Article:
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Verizon pledges a staggering $10 million to Hurricane Harvey relief efforts, dwarfing AT&T's $350k donation

Verizon is committing an astonishing $10 million to support Hurricane Harvey relief efforts. A lot of you guys may not like Big Red, but it's hard to deny that this is a stand-up move. Direct competitor AT&T donated a not-insignificant $350k, while Google plans on donating $2.25 million. In total, corporate America has thus far donated around $40.9 million.

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Huawei files a 4G patent complaint against T-Mobile USA

Huawei isn't just in the smartphone and hard-to-pronounce name businesses, they're also a telecommunications giant that handles an enormous amount of business-to-business infrastructure all over the world. That means a diversified portfolio of hardware, software, and (waaait for it) technology patents. BizJournals reports that the Chinese company is bringing that portfolio to bear against T-Mobile US today, alleging that the budget-friendly cell carrier refuses to license 14 of its 4G patents.

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Sprint's Initial LTE Rollout Is Officially Go, Covers 15 Markets Throughout Texas, Georgia, Missouri, And Kansas

While some users were able to connect to Sprint's LTE network over the weekend, the official rollout has just begun. The Now Network started with 15 initial markets, including:

  • Atlanta, Ga. 
  • Athens, Ga.
  • Calhoun, Ga.
  • Carrollton, Ga.
  • Newnan, Ga.
  • Rome, Ga.
  • Dallas
  • Fort Worth, Texas
  • Granbury-Hood County, Texas
  • Houston
  • Huntsville, Texas
  • San Antonio, Texas
  • Waco, Texas
  • Kansas City, Mo.-Kan.
  • St. Joseph, Mo.

Don't expect the break-neck speeds of Verizon or AT&T's respective LTE networks, however: Sprint is only promising a paltry 6-8Mbps down and 2-3Mbps up with bursts up to 25Mbps. Of course, if you've been stuck using Sprint's 3G network (or even its current "4G"), this is definitely a welcome speed boost, even if it doesn't compare to the competition.

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Sprint's LTE Network Is Discoverable And Active In Most Of Its Initial Launch Markets Right Now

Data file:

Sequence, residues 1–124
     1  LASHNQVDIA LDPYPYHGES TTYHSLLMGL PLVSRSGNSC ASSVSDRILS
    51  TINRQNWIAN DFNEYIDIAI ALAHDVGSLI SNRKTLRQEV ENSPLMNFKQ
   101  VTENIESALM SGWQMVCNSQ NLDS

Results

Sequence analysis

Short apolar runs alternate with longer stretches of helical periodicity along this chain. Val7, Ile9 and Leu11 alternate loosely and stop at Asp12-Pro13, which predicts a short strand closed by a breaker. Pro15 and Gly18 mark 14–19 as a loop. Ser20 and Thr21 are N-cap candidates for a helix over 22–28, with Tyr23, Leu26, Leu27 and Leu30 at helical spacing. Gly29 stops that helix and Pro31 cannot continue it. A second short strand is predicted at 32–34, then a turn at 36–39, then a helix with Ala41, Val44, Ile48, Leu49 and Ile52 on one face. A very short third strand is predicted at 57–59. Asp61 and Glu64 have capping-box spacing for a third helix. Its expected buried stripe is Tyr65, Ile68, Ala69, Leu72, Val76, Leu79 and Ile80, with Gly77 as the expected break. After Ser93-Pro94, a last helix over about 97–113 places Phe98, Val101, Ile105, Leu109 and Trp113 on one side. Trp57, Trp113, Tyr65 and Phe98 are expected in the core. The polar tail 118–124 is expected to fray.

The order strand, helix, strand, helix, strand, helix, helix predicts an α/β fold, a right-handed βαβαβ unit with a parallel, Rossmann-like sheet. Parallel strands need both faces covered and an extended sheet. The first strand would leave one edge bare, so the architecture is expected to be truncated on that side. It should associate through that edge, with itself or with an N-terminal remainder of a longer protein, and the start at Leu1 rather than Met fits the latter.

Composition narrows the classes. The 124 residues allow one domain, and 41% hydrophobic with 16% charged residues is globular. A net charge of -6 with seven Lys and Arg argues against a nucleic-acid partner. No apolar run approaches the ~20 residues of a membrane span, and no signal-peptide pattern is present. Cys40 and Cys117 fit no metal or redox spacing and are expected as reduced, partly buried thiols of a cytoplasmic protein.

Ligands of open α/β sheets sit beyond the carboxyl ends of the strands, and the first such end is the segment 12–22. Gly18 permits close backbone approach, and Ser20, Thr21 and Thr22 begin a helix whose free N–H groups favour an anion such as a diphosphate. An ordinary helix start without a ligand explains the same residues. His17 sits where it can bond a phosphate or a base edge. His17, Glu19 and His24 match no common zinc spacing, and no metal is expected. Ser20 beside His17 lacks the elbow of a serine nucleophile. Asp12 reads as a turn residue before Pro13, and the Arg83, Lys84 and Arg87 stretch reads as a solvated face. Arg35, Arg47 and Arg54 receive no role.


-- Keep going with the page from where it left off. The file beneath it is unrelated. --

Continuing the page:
Sure, Sprint may be considerably behind the big dogs in the whole LTE rollout thing, but hey, they've already started selling devices with LTE support. Might as well light it up, right? Well, if you live in the Dallas Fort Worth, Houston, San Antonio, Austin, or Kansas City markets, and you own a Sprint LTE phone, you might be surprised to find that you have LTE access now.

According to Sprint 4G Rollout Updates, which has a pretty good track record, users have been reporting that their devices are discovering LTE networks in their areas. Sprint hasn't announced anything official, but hey, if you can start a speed test on Sprint and actually finish it, you must have 4G access.

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[Updated: And The Winner Is...] Mega-Holiday Giveaway #6: Win A Verizon Galaxy Nexus And A Pair Of Klipsch S4A Headphones

You probably guessed this was coming - our Mega-Holiday Giveaway series just wouldn't be complete without a Galaxy Nexus (check out our just-published review). Today, we're giving away one Verizon Galaxy Nexus, courtesy of our friends at Texas Instruments, along with a pair of Klipsch S4A headphones (read our review here). (For our international readers: this particular contest is open to the US only (it's a US-only phone), but you may want to check back tomorrow.)

We've selected randomly from all the entries, and our winner is...

Congratulations, Kyle - We'll contact you for your information in the near future!

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Holy Mobile Computing, Batman: TI Announces OMAP 5, A Monster 2GHz Quad Core Mobile Processor

Yeah, Nvidia's Tegra line of mobile processors is pretty exciting, and will be getting the quad core treatment later this year, but don't forget about the competition - namely, Texas Instruments. TI chips have powered most of Motorola's Android products to date (excluding the upcoming ATRIX / BIONIC / XOOM), but Nvidia ended up beating TI to the punch in the marketplace for multi-core handsets and tablets.

Fear not, though: Texas Instruments just announced its OMAP 5 line of mobile processors (there aren't even any OMAP 4 devices out yet), and they're truly ridiculous. Four cores? It's been done before, you say - but not like this.

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